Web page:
We are all aware there is a concern that the prevalence of autism spectrum disorder (ASD) is increasing, but how valid is this perception? Unfortunately, this is a difficult question to answer since there is no national registry of diagnosed cases. One way to find out the prevalence is to ask parents. Kogan et al. (10.1542/peds.2017-4161) report on in an analysis of the 2016 National Survey of Children’s Health (NSCH), a nationally representative survey of over 50,000 children ages 0-17 years. Parents were asked whether their children had been given the diagnosis of ASD by a clinician, whether their child or children currently have a ASD, and if yes, how they are treating it. The authors estimate a point prevalence of 1.5 million children ages 3-17 have ASD based on a parent report. This would mean 1 in 40 or 2.5% of US children have ASD. The study also provides insight into the barriers families of children with ASD have in accessing the care their children need, as well as the types of treatments these children are receiving.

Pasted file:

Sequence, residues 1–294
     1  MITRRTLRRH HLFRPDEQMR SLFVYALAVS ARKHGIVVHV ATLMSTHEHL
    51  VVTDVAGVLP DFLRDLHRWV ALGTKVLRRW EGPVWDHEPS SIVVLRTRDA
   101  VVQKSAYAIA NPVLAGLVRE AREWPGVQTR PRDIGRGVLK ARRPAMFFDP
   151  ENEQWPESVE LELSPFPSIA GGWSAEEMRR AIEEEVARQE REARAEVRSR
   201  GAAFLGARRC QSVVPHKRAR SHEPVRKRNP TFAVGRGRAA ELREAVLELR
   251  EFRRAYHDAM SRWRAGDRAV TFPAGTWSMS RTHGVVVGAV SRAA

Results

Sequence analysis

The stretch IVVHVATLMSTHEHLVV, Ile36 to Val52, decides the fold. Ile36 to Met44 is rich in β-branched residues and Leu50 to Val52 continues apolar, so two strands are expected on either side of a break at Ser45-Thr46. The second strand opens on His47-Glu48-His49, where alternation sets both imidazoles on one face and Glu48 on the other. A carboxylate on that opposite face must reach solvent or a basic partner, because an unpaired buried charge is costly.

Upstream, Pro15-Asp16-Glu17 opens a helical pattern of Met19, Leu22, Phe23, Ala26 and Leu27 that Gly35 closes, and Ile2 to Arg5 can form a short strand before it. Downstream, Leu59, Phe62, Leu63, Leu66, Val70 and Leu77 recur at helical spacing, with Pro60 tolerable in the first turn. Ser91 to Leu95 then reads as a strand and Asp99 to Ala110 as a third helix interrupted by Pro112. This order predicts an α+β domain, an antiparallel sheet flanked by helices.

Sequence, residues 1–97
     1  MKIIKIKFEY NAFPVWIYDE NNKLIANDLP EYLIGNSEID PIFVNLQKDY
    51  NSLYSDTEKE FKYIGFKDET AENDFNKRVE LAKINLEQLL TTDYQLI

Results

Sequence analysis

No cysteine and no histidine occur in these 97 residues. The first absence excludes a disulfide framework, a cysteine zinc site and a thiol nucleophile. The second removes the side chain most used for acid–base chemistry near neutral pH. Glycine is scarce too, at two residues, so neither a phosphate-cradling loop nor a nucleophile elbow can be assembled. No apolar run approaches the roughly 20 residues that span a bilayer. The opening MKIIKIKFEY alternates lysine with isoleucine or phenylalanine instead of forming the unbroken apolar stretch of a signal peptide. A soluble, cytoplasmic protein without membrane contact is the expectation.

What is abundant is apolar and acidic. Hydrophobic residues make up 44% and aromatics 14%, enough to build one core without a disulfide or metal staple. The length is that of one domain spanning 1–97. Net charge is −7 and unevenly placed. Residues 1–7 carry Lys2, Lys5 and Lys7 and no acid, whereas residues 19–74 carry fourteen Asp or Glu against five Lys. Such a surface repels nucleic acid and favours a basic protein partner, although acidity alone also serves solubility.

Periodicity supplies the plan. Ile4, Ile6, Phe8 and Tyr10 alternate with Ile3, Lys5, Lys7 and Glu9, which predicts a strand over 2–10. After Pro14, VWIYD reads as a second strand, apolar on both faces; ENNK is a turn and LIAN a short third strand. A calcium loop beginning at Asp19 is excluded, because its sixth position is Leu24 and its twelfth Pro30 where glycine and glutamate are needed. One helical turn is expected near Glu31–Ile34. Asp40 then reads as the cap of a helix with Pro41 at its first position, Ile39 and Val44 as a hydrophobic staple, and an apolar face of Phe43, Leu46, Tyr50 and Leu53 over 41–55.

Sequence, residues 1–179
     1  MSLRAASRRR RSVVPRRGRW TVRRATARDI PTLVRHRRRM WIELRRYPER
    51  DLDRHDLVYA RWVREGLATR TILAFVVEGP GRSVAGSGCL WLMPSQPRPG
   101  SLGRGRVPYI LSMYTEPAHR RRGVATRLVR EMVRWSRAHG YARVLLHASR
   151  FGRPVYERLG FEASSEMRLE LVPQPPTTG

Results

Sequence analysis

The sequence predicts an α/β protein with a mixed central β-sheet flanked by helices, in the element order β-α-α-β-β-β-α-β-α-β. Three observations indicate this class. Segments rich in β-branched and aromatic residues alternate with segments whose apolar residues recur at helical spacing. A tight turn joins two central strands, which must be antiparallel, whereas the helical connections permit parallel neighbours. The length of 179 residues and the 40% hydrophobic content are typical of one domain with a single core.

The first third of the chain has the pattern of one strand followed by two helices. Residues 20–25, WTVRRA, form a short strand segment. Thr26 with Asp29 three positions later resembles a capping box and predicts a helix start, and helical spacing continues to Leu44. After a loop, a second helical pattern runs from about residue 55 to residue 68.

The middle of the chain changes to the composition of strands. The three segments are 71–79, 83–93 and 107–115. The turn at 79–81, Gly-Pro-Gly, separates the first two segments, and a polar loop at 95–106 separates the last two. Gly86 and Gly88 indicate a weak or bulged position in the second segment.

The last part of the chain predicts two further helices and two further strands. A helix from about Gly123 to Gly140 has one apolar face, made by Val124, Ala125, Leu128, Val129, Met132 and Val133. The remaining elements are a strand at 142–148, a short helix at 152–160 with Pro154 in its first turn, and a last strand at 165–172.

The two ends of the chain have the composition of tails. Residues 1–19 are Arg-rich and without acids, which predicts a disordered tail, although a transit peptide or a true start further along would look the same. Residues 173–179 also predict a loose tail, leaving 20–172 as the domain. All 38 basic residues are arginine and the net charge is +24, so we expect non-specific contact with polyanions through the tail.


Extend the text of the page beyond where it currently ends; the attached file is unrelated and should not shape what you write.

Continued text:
So does this mean that this prevalence rate is uniform across the country? Not necessarily, according to an accompanying commentary (10.1542/peds.2018-2950) by Drs. Broder-Fingert, Sheldrick, and Silverstein from Boston Medical Center and Tufts, all with expertise working with children with ASD. The authors point out that there is significant heterogeneity among states in ASD prevalence estimates, and a single national number fails to show the variances by state that currently exist. They argue that while a national rate does not tell the whole story, which includes significant differences in how children with ASD are diagnosed and how services for these children are accessed. Unfortunately, the NSCH sample of 50,000+ does not allow state by state analysis because the number of subjects is not sufficient. Both the study and commentary are essential reading if you provide care for children with ASD, and based on the prevalence rates described nationally in the study or by state, in the commentary, you most likely do.